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I recently listened to an episode of the podcast, Mrs. Greens World. Her guests on this particular episode were two gentlemen that I greatly admire and respict. Namely, Jim Richardson (National Geographic Photographer) and Dennis Dimick (National Geographic Editor). I was lazily tuning in and out as one often does when listening to podcasts while commuting, when I heard Jim mention the “Anthropocene Epoch”. Now, when one of my favorite photographers starts dropping geo language, I pay attention. An hour and a half later the following were some of my thoughts.

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This post isn’t about the Anthropocene Epoch. As much as I’d love to dig more into the that, I’m going to focus on something else they discussed in the episode. Jim and Dennis both spoke about growing up on farms, and more generally, being raised in relationship with nature. For Jim it was his family farm in Kansas and for Dennis his parent’s sheep farm in the Willamette Valley of Oregon (I’ll take the latter). Both spoke fondly about spending lots of time in touch with the land. Whether it was farming, gardening, camping or simply playing outside, they spoke with the nostalgia of a parent rummaging through their children’s old baby photos. They spoke though, as if children these days don’t play outside… at all.

While I think that is indeed the growing norm for today’s youth, listening to them made me first, thankful for my own childhood where playing outside was a huge part of growing up and second, reflect on a recent camping trip I took with my older brother, sister-in-law, wife and most importantly, niece. I loved watching my niece Luci for those two days. Ceaselessly it seemed, she was on the run, playing with rocks, sticks, pine-cones and just about anything she could get her hands on. She was constantly making up games. At one point she and I were running ahead of “the army” to deliver a “very important message” to the Queen. I never learned exactly what that message was or why it was so vital that we succeed in delivering it, but there was no doubt that it was of the utmost importance that we find the Queen. Unfortunately for the Queen, PB&Js precluded delivery. All day Luci’s imagination fabricated hostage situations, magic objects, entire story-lines that seemed to flow forth from nothing then just as quickly evolve into something entirely different. It was beautiful. I found myself envying her creativity. How a simple piece of sandstone, in concert with a pine branch, could become the key to not drowning as we floated down the Nile River on my brother’s sleeping pad.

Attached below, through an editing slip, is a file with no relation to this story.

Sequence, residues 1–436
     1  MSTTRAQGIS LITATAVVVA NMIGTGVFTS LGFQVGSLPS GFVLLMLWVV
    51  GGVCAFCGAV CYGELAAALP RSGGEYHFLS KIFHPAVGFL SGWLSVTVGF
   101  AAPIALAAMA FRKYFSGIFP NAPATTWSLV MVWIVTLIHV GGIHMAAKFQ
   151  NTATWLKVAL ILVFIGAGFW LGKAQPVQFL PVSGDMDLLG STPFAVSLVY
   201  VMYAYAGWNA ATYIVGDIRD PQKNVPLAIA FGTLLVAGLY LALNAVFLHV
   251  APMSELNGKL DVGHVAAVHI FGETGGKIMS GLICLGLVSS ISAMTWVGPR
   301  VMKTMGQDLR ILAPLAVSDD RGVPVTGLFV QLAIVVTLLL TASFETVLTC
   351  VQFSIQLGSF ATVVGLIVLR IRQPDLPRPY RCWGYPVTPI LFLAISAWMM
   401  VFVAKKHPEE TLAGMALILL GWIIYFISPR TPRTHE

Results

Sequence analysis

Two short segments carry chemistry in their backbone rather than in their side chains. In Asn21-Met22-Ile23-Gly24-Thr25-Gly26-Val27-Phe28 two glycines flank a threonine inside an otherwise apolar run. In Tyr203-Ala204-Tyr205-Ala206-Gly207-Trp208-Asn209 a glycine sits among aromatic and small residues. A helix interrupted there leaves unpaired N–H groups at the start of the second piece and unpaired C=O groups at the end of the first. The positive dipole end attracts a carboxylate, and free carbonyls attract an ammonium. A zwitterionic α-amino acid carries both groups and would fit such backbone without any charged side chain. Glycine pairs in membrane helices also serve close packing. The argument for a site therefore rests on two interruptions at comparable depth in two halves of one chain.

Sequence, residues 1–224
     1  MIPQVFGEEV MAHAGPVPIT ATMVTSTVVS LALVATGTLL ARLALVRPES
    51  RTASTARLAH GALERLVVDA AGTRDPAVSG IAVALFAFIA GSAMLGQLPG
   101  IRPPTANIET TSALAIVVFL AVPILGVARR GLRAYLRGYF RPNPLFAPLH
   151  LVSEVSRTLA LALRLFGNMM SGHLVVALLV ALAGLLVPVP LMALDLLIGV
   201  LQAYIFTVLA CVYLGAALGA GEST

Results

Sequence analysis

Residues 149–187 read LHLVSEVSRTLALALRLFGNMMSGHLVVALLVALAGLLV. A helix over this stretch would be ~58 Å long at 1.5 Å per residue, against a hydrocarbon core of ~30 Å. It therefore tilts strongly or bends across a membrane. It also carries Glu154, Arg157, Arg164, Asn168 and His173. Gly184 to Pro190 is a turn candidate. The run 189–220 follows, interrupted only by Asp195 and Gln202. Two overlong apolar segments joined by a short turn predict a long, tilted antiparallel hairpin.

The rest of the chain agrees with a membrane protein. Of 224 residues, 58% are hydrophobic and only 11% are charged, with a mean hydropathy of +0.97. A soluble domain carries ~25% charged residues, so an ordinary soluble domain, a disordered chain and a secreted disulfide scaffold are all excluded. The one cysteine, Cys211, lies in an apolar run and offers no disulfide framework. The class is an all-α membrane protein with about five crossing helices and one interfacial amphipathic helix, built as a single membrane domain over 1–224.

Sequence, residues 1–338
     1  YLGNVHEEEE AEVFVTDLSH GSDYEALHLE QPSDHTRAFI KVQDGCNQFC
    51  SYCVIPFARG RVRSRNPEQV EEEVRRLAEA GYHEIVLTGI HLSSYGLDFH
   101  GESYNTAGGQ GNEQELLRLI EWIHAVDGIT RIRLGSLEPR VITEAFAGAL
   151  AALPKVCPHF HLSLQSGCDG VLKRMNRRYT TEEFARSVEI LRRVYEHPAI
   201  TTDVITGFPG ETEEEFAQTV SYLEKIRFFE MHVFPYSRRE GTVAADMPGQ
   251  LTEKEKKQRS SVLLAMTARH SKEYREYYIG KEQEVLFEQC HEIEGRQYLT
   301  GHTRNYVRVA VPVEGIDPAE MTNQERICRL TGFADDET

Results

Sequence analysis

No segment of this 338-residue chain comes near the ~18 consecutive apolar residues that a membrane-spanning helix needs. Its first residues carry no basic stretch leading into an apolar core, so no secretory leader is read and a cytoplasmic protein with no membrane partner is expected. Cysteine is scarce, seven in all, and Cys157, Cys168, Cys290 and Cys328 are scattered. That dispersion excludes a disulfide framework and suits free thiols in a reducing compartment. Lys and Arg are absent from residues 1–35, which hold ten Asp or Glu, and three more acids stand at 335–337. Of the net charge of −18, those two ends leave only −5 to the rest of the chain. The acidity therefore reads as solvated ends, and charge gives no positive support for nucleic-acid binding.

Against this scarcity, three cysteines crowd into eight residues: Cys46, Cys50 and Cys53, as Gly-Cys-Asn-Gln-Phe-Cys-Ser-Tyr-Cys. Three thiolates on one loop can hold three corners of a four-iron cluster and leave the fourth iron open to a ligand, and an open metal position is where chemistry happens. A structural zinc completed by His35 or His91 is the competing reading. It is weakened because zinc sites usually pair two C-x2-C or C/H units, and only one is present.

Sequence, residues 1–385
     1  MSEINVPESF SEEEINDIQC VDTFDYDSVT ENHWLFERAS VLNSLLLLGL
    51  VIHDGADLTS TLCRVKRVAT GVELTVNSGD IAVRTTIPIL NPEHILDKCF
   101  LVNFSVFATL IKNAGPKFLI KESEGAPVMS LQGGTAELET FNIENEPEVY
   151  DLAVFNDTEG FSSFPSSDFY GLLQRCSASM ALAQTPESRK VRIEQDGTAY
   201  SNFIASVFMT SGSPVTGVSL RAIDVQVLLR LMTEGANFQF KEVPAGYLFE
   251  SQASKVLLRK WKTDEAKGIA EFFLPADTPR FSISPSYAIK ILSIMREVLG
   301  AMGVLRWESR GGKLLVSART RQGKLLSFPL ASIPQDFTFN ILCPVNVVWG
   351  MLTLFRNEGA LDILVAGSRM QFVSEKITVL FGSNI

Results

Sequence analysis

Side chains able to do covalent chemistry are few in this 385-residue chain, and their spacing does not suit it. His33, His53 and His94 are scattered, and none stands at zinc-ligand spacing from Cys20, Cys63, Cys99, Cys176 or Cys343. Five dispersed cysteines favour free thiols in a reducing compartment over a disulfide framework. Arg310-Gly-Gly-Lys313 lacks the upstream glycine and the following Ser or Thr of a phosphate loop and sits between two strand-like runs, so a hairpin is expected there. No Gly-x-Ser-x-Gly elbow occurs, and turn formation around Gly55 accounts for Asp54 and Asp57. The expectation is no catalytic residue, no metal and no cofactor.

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I think this is precisely the type of behavior that Jim and Dennis suggest is an uncommon commodity these days. In an age of pocket entertainment where industry standards are pivoting to videos that last no longer than 30 seconds (because that’s the average limit of a child’s attention), children aren’t challenged to be creative. According to an article published in the New York Times, the average age that a child receives their first smartphone has trended younger and younger and currently sits around the age of 10.

In their 2018 study published in the Journal of Neuroscience and Biobehavioral Reviews, Nijhof et al. focus on long-lasting negative childhood chronic diseases and discuss consequences that are “likely the result of a reduced possibility for play in these children.” They go on to discuss “play” as “multidimensional” and describe the five dimensions of play: “(1) highly active games such as chasing, rough-and-tumble play and play fighting, (2) pretend and socio-dramatic play, (3) language play, (4) social play and games with rules and (5) and construction play”. They argue that healthy play in adolescence, (which includes 10-year-olds, as well as anyone less than 23 years old,) is vital to physical, social/emotional, cognitive and language development. They further posit that stimulating play behavior enhances the adaptability of a child to a “(chronic) stressful condition… thereby strengthening the basis for their future health.” While they don’t discuss it directly, I struggle to see where YouTube and Netflix fit into the equation.

The recognition of the importance of playing and getting outside is not at all a new one, and yet there is no arguing that children today play less, especially outside, than their predecessors. Why is that?

While I don’t have the answer, I do have a wonderful niece that I’ll continue to play with every chance I get, because her health now, her health as an adult and subsequently the health of the society that she grows into depends on it more than we know.